Nevertheless, debate is healthy. I appreciate you checking out the piece and I hope you continue to do so.

justjudith said...

great work, david!!! one more reason why ur my hero.

Anonymous said...

Great recap once again Mr. Starnes.

We could add to Andrew's list of counter examples (Miss Anna, Bodie's grandmother, Mrs. Colvin, the principal who loans Colvin the gym to speak to the hoppers in S3 - one of Burns' real life colleagues from his teaching days, Prop Joe's great-grandmother - I bet she was a helluva lady), but as you said the are not exactly prominent characters, although I don't think that there is anyting wrong with Marla Daniels.

To defend the show on this point, all I can really say is that I trust this group of writers and I believe they know more about what they write about then any other show on TV, and I believe they care more about what they write, their characters, and just CARE about anything at all in general more then writers for any other show around. I trust that these writers are already aware of what you are pointing out, are sensitive to it and wouldn't put anything out there that they didn't feel was honest.

Delonda Brice, you got that one, but you know that there are some Delonda Brices out there.

The only other thing I can point to is that there aren't really ANY charcters on the show (maybe a scant few), or any race or gender that fit an ideal description. However, Kima is a black woman and her sexual orientation should not leave her out of the discussion.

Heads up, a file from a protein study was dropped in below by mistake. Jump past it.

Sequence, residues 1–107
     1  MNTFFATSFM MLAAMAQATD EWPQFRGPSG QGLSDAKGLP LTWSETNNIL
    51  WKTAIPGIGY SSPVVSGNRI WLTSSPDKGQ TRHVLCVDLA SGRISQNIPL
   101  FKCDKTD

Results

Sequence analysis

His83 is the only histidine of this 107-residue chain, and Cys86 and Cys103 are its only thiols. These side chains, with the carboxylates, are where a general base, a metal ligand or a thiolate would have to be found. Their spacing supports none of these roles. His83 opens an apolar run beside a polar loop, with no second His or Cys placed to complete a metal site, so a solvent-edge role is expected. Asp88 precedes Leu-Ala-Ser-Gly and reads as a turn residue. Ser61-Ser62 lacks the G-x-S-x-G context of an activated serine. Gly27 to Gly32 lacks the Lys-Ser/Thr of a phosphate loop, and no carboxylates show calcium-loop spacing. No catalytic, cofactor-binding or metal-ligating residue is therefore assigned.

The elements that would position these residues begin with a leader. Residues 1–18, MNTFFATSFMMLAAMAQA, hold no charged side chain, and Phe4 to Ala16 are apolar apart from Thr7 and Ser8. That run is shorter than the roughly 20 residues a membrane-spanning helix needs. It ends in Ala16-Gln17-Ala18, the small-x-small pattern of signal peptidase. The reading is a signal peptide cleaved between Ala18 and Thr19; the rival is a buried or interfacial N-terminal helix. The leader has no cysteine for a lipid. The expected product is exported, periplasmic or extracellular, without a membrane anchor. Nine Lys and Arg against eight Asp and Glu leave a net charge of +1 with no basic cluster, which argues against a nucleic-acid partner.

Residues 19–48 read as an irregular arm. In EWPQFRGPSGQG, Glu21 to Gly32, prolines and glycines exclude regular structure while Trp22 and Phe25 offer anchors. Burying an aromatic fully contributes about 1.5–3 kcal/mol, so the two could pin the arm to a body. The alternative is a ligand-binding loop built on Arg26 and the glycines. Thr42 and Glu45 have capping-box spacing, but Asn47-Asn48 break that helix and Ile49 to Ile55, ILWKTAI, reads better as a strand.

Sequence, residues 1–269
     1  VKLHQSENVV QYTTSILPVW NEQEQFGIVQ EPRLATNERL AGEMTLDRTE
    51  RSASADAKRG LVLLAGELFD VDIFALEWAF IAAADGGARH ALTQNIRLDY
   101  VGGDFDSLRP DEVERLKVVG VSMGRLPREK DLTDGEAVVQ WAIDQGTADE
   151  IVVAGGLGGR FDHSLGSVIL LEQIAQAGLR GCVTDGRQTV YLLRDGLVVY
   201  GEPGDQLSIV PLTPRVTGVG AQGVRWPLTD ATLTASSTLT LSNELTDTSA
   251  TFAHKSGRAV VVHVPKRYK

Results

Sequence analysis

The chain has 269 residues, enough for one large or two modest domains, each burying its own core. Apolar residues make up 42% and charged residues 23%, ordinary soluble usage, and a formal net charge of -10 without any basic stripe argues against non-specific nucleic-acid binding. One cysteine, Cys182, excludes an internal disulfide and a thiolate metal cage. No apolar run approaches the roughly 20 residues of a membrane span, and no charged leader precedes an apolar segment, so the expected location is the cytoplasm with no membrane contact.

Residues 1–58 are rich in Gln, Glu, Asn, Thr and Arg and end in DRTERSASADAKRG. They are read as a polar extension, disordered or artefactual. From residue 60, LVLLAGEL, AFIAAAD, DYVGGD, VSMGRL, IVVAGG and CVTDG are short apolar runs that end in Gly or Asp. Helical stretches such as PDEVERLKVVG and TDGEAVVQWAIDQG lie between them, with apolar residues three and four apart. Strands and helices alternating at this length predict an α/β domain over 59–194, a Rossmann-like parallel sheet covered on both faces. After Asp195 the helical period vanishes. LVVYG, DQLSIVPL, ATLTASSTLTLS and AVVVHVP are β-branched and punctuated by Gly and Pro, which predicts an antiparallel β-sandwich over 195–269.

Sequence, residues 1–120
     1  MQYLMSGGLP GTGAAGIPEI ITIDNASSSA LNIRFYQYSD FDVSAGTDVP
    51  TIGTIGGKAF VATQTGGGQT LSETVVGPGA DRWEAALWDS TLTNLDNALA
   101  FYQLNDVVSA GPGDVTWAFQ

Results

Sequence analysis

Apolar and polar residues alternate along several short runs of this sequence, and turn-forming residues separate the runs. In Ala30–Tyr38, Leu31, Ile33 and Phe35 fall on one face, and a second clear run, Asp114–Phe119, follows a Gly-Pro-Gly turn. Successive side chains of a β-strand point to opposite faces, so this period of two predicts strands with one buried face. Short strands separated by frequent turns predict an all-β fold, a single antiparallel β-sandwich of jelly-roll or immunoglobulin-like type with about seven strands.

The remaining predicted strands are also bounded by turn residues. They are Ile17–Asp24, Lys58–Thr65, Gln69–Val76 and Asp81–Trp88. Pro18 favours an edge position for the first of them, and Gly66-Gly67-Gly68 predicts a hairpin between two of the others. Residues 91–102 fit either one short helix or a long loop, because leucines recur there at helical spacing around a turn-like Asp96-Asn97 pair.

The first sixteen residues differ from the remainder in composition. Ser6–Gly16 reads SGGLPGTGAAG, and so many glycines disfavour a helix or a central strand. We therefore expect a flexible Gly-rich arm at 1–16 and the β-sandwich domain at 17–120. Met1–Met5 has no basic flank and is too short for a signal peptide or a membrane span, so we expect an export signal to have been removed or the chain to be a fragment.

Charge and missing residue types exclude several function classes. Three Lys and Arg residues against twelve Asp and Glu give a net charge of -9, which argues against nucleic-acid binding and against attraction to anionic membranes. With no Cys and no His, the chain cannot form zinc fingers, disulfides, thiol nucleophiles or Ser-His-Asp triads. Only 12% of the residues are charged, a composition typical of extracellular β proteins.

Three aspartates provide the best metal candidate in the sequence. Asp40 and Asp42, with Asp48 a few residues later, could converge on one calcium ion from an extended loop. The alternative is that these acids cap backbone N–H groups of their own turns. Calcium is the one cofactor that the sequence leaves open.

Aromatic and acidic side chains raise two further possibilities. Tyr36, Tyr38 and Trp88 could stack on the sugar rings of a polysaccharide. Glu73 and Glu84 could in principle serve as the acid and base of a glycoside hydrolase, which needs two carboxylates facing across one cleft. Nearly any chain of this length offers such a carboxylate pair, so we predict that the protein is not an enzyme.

That fact that the majority of the plot lines on the show deal with crime and corruption and that that world is populated mostly by men, may actually say something about Black women through ommission?

Also, I'm not sure if the co-op is going to try and bring Marlo down. Don't forget, he's got the good shit now. I think the other co-op members will remember that business was pretty good with that shipment coming in.

Either Lester will get Marlo, Omar will get Marlo, or they won't. As far as I can see anyway.

As Burrell pointed out so brilliantly to Rawls before leaving his office, they do what the mayor says to do and them blame them when it doesn't work. Perhaps Burrell would prove to be as competent as the next guy if the person in City Hall was.

That being said, if Daniels gets a chance he'll be a great tactical commishioner.

Anonymous said...

"The only other thing I can point to is that there aren't really ANY charcters on the show (maybe a scant few), or any race or gender that fit an ideal description. However, Kima is a black woman and her sexual orientation should not leave her out of the discussion."

type-o on my part. correction.

there aren't really ANY characters on the show (maybe a scant few), OF (not or) any race or gender that fit an ideal description...

Anonymous said...

Eat death, landrum.

Anonymous said...


What the fuck did I do?

there are no spoilers in there, nothing that can't be speculated on after episode 4.